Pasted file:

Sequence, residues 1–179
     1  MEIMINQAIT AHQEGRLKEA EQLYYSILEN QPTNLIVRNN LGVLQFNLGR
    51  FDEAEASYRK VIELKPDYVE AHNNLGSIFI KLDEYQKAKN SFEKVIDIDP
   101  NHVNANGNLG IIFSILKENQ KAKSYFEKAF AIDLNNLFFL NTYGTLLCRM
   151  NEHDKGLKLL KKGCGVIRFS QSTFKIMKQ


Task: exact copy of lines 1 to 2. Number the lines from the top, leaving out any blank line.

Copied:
Sequence, residues 1–179
     1  MEIMINQAIT AHQEGRLKEA EQLYYSILEN QPTNLIVRNN LGVLQFNLGR